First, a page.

We sat down with Metova Director of Technology, Zach Little, to learn more about his passion for birding – including his rare finds, and the places around the world his hobby has taken him. We also ask if he thinks there is a place for technology in birding (yes) and if he prefers Mac or PC (neither). 

A graduate of the Arkansas Coding Academy, Zach’s focus is on Android development work for one of Metova’s largest clients.

 

What is birding?

Birding is a lot of things for different people. For me, Birding is about getting out in nature and identifying species of birds. 

 

What are some of the places that birding has taken you to?

South Africa, Namibia, Gulf Coast, I have driven a road trip from Arkansas to Nebraska, to South Texas and back, Himalayan Mountains in both India and Nepal, jungles of Thailand. Western Ghat mountains of India. Birding can happen anywhere, but there are hotspots that you try to get to.

 

What is one of the more rare birds you have seen? And where was it located?

Genuinely rarest (critically endangered): Spoon-billed Sandpiper. Estimated fewer than 1000 left. They are also small, and mix in with thousands of other birds that look similar. I have seen it twice in some salt farms in Thailand. 

In birding there are also birds you can see that aren’t necessarily rare, but are not supposed to be where you found them. I was the first to spot a Baikal Teal in Delhi India in I think 2012. It has only been seen there about a dozen times. It is common in other places, but rarely is ever in that part of the world.

 

Are there any rivalries within the birding community?

People like to see has the longest list, there are folks that try to get the most birds seen in the US in one year, or people who have the largest life list. But for most people it isn’t like that.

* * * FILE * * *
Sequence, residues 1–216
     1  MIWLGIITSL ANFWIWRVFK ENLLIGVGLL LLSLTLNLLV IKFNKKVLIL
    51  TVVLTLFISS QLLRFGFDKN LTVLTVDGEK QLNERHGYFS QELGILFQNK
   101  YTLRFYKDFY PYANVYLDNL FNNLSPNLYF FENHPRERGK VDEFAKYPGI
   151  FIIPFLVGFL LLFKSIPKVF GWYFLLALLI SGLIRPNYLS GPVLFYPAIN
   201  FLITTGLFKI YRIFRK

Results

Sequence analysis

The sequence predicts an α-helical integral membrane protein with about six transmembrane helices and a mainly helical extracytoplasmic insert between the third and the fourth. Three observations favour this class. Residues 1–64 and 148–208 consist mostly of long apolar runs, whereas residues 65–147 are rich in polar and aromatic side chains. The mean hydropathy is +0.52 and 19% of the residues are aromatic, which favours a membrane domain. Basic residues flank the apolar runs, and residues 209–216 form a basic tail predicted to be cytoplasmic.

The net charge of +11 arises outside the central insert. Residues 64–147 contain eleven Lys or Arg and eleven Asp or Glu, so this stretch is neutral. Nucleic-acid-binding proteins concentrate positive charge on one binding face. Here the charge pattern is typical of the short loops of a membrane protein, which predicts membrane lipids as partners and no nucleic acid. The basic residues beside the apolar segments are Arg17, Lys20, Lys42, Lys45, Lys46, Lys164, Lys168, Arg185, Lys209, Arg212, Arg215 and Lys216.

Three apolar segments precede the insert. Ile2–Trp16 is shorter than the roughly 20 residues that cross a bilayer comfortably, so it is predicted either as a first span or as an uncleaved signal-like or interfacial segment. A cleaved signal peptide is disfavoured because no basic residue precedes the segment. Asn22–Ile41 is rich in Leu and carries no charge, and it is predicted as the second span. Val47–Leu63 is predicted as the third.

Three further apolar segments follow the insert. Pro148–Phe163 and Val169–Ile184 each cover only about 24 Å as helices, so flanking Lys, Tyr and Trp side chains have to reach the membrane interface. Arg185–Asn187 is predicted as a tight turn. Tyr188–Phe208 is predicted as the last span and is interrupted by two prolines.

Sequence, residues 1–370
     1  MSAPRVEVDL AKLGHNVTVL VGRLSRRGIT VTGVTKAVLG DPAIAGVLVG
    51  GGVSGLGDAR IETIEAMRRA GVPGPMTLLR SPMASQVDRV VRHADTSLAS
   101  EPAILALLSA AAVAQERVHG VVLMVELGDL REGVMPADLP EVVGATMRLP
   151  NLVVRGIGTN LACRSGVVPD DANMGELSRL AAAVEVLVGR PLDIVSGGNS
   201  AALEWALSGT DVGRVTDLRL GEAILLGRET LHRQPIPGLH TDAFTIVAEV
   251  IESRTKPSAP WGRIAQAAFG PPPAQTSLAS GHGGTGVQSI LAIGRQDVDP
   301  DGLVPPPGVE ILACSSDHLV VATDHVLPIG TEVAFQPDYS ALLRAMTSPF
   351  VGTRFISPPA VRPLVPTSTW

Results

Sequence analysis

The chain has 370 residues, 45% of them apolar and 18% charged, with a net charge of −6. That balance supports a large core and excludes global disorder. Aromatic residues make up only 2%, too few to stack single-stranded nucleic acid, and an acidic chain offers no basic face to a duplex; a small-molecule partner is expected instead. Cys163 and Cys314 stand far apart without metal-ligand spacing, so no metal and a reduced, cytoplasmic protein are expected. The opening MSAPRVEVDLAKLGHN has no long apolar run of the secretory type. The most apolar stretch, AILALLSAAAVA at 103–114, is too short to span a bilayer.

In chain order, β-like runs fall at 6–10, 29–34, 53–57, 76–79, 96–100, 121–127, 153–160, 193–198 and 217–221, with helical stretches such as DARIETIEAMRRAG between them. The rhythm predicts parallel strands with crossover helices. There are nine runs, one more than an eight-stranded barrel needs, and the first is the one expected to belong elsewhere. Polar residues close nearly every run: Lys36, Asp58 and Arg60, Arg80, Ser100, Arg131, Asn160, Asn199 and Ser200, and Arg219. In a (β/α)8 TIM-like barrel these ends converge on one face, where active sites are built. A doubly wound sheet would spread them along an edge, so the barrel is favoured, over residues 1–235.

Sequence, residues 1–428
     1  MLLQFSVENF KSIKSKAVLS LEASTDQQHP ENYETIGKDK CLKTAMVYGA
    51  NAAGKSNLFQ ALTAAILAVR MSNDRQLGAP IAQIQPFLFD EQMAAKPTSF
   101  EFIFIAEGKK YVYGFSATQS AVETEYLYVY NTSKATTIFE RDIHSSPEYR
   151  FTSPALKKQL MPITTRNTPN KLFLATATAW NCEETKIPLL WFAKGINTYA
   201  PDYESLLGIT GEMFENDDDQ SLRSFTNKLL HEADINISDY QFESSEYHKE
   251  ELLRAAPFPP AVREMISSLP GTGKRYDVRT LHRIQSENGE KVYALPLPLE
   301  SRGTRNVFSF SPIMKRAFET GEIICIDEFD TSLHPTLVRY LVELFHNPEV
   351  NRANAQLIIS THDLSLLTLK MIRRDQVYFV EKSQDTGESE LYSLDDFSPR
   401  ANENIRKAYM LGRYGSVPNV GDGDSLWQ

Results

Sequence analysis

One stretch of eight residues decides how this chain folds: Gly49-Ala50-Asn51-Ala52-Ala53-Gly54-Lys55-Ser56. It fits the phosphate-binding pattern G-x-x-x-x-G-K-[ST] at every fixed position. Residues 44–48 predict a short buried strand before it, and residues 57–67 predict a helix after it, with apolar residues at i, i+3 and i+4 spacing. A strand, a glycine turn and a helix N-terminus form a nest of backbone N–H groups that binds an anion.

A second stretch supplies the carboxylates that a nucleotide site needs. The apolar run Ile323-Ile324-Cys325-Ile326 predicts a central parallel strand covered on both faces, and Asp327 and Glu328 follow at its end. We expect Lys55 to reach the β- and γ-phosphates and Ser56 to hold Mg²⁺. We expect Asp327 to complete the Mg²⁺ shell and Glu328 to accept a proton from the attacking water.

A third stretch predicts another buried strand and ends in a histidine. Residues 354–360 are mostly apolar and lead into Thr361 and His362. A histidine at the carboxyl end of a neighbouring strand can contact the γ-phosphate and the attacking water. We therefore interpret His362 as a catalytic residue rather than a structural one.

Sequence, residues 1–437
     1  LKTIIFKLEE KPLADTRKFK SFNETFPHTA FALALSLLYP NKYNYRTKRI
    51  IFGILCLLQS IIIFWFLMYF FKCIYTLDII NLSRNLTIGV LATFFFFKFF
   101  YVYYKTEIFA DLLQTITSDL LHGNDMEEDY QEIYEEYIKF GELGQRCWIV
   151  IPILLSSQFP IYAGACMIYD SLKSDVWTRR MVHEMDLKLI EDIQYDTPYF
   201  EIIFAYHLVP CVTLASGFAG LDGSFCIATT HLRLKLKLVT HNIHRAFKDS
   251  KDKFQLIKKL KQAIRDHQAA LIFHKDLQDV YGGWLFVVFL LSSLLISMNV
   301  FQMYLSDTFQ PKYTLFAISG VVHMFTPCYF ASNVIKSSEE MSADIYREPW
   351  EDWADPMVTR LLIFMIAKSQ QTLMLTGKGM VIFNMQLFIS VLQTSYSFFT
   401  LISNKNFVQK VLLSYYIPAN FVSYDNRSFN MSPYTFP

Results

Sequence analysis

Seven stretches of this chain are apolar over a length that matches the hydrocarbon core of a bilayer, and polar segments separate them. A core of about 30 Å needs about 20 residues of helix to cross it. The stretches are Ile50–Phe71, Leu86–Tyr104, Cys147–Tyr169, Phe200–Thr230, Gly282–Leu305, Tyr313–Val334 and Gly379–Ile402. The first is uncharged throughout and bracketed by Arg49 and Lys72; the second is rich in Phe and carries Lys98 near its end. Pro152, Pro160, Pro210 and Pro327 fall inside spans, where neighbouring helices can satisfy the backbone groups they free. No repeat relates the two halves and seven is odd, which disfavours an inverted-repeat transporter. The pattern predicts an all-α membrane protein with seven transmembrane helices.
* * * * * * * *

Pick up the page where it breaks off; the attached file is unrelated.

Do you also collect feathers from birds?

I do not collect feathers. There is a group of birders who id birds based solely on feather, but I prefer to see the live bird, in its habitat.

 

Is birding a technology-free area of your life, or do you think that tech may have a proper place within birding?

I use various technology while birding. I typically use my phone to make lists, to see where other birders are, and to research and prep for trips. The best place to get information is eBird, which is the largest citizen science project in the world. Birding also pushes camera technology, which I often use as well. One area where I think that tech would help the most would be in machine learning and being able to better predict what birds should/could be seen at any given location. There is also a lot of tech around sound recording and playback. 

 

What sort of projects do you handle at Metova?

I mostly work with Sirius XM, and handle everything from Android develop lead, to project management. 

 

Android or iOS?

Android

 

Mac or PC?

Linux

 

What emerging technologies are you excited about?

I am excited about the benefits of machine learning and artificial intelligence, but it also scares me. It has the potential for life changing positive impacts, but also the potential to cause harm in our world. 

I also can’t wait for the day I can hop in my car, fall asleep and wake up at my destination. Self driven cars excite me.

 

Have you ever come across a bird in an unexpected time or place?

Yeah lots of times. I mentioned the Baikal teal earlier that was seen in Delhi India. But I have seen others.

 

Do you know the history and/or origin of chickens?

The wild species of bird that modern chickens evolved from is mostly the red junglefowl, I have seen this bird in the wild, and they look just like a road island red. But they have different behavior.